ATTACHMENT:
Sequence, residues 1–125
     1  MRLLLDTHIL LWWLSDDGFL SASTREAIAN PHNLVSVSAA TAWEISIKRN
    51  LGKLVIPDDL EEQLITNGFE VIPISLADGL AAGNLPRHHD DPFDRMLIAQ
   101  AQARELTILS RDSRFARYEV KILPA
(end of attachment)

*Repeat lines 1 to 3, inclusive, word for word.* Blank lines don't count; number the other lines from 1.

Sequence, residues 1–125
     1  MRLLLDTHIL LWWLSDDGFL SASTREAIAN PHNLVSVSAA TAWEISIKRN
    51  LGKLVIPDDL EEQLITNGFE VIPISLADGL AAGNLPRHHD DPFDRMLIAQ